Fresenius Kabi to invest $250 million to expand Melrose Park site in Illinois, US

Building work will start next year at generic injectables plant and will be completed in 2026

Fresenius Kabi is to expand its Melrose Park site in Illinois, US

German firm Fresenius Kabi is to invest approximately $250 million over 10 years to expand its Melrose Park, IL site in the US.

The plant currently produces a range of generic, sterile injectable medicines.

The multi-stage, multi-year project at Melrose Park will start next year, with final project completion in 2026.

Fresenius Kabi's US headquarters is in Lake Zurich, Illinois and in total the firm employs more than 1,500 people in the state.

The company operates more than 70 manufacturing sites worldwide and the Melrose Park location will be one of its largest. Its global headquarters is in Bad Homburg, Germany.

The project will include new buildings for automated aseptic filling lines connected to the existing manufacturing site, expanded lyophilisation capabilities, formulation areas, as well as a dedicated warehouse.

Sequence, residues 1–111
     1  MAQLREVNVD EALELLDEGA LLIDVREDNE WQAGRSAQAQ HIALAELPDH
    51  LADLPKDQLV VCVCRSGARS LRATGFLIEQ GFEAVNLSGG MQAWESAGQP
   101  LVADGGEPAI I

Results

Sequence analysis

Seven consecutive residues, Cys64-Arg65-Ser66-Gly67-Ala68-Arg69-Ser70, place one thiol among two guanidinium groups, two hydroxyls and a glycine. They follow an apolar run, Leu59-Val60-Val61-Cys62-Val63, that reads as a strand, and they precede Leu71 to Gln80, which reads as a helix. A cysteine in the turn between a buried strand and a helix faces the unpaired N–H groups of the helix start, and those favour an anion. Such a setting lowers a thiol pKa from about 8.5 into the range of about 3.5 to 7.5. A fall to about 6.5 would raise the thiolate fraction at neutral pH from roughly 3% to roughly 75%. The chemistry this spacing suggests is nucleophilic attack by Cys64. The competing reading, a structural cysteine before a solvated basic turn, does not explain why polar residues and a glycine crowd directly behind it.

An administration building with conference centre, laboratories, office space and a cafeteria, is also included in the expansion.

'Our goal is to expand our US manufacturing capabilities while ensuring continued compliance with increasing regulatory and quality requirements and improve production capacity and efficiency,' said Steven Nowicki, Senior Vice President of Global Operations for North America, Pharmaceuticals Division at Fresenius Kabi.

In addition to its Melrose Park locations, Fresenius Kabi has other plants in Illinois, including Bensenville, Skokie and Lake Zurich.

The company also has manufacturing sites in New York, North Carolina and Pennsylvania and employs more than 2,500 people in the US.

Earlier this year, Fresenius Kabi bought a pharmaceutical manufacturing plant in Wilson, NC from Becton, Dickinson.

The deal also included a small portfolio of drugs in ready to use prefilled glass syringes.

The firm said the acquisition would allow it to offer a broader range of speciality injectable medicines in vials, as well as ready to use presentations.